Renewable energy inquiry to conclude evidence gathering


The four-month renewable energy inquiry, set up by the Economy Energy and Tourism Committee will conclude its evidence gathering into whether the Scottish Government’s renewable energy targets are achievable, at a meeting on Wednesday (20 June).

The Secretary of State for Energy and Climate Change, Rt Hon Ed Davey, will give evidence to MSPs on the potential impact of the UK Energy Bill. Minister for Energy, Enterprise and Tourism Fergus Ewing MSP will be the last witness in front of the Committee and conclude the evidence gathering.  

Convener of the Economy Energy and Tourism Committee, Murdo Fraser MSP said:

“This Inquiry was far reaching – from the technology needed to meet the targets, to the skills needed to drive future expansion of the industry right through to the planning system, financing and the impact of onshore wind on tourism and communities.

“Over the length of this inquiry, we’ve spoken to 80 witnesses, giving us a diverse range of opinion and provoking some controversy. Our Committee will now reach its final conclusions and will publish its report in the autumn”.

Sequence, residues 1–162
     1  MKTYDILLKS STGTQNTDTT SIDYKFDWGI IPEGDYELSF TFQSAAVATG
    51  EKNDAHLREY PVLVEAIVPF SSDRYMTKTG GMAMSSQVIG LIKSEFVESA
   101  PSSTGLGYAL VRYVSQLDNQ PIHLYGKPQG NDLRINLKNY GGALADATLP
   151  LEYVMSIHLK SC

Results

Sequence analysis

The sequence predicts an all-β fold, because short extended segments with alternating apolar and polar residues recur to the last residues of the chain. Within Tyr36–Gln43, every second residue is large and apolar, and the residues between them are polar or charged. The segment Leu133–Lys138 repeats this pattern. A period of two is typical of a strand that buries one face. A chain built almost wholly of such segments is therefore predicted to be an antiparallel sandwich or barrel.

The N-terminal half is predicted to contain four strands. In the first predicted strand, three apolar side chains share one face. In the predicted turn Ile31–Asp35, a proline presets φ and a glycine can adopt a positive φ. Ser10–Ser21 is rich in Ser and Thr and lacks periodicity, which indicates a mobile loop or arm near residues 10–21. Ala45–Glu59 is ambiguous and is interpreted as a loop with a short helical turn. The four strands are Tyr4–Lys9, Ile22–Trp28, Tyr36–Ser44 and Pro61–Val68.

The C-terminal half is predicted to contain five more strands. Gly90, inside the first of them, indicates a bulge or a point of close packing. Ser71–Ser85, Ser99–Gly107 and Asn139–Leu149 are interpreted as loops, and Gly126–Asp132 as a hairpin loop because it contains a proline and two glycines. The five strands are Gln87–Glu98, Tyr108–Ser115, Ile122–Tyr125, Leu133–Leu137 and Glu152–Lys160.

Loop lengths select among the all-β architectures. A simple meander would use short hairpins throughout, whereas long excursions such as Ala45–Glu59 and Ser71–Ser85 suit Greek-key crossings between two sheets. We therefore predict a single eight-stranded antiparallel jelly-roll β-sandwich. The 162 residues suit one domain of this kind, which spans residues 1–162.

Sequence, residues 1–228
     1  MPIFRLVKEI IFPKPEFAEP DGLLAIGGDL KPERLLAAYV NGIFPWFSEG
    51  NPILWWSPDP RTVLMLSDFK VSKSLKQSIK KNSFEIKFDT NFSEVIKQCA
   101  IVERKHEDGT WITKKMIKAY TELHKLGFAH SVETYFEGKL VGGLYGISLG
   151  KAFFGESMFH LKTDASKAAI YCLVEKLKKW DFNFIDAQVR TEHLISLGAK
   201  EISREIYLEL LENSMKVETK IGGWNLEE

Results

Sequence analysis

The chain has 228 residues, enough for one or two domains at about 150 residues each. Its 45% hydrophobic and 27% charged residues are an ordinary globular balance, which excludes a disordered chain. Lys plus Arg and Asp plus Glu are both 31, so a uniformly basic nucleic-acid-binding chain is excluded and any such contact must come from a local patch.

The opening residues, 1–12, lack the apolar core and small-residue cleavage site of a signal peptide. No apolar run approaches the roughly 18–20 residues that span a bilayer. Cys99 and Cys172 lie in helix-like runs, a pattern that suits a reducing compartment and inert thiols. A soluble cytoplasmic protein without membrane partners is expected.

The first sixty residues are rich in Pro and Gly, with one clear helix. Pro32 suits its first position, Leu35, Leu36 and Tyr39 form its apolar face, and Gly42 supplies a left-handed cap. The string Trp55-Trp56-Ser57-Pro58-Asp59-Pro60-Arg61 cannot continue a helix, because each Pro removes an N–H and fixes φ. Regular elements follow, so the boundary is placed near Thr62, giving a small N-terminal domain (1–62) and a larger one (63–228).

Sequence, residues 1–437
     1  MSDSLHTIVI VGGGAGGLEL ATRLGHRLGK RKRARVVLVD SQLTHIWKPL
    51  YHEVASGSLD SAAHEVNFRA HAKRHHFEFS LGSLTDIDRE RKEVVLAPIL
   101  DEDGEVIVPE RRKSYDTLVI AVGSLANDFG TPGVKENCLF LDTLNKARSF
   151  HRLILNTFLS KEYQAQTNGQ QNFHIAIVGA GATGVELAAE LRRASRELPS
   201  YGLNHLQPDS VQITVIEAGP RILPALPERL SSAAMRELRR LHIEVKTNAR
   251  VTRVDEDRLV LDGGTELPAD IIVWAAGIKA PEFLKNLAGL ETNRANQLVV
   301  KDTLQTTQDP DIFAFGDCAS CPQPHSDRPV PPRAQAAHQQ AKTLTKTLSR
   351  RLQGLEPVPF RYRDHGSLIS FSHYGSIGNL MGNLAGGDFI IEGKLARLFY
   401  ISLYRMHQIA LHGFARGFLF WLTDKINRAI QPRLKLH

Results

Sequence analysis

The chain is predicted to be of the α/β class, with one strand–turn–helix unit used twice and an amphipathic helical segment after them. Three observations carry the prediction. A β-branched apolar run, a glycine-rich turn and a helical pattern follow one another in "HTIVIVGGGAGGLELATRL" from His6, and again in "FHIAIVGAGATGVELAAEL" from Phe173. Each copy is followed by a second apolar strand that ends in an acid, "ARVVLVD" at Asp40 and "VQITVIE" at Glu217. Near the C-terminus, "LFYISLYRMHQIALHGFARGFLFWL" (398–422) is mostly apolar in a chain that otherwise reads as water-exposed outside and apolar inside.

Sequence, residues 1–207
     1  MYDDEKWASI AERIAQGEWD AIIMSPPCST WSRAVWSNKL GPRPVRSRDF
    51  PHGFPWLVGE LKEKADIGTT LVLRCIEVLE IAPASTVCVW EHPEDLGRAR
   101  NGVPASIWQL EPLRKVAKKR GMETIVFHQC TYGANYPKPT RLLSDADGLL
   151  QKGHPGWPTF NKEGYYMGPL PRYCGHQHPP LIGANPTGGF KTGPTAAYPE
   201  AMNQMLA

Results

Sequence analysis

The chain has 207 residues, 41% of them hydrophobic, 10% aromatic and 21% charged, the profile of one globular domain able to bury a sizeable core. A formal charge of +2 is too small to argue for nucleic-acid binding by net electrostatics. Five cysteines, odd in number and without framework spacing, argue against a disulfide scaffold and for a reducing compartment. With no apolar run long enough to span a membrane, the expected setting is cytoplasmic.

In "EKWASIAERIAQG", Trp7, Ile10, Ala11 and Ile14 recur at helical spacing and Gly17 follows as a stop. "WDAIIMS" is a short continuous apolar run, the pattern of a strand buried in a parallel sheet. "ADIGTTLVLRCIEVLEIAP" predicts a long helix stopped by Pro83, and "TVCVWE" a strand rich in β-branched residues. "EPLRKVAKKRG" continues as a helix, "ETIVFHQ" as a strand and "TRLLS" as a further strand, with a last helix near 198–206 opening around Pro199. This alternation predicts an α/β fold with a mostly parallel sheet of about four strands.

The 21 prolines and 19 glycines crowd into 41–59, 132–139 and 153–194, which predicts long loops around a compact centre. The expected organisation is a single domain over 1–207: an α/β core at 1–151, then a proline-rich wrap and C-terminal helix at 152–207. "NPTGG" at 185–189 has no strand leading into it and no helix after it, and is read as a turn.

The Committee has heard over 25 hours of evidence and received in the region of 400 written submissions.

The Committee will go on a final fact finding tour to Fife visiting BiFab and Adam Smith College’s Future Skills Centre on Monday (18 June). The Committee has also gathered evidence from Perthshire, Orkney and Caithness.


The Committee launched its renewables inquiry into the achievability of the Scottish Government’s targets within its 2020 Routemap for Renewable Energy; specifically the challenging target that Scotland would generate the equivalent of 100 per cent of Scotland’s own electricity demand from renewable resources by 2020.

Key questions which were considered during the inquiry include:

  • Is the technology to the meet the targets available and affordable?
  • Are our universities and research institutes fully geared up to the need for technological development?
  • How can national priorities be reconciled with local interests?
  • Are we confident that the necessary infrastructure can be developed and financed so that Scotland can export any excess electricity generation to the rest of the UK?
  • What will the impact be on consumers’ bills?
  • Will sufficient funds be available to allow investment in both the installation and development of relevant technologies?
  • Will Scotland have sufficient home-grown skills to attract inward investment?
  • Are the reforms of the energy markets and subsidy regimes at both UK and EU level sufficient to meet the targets?

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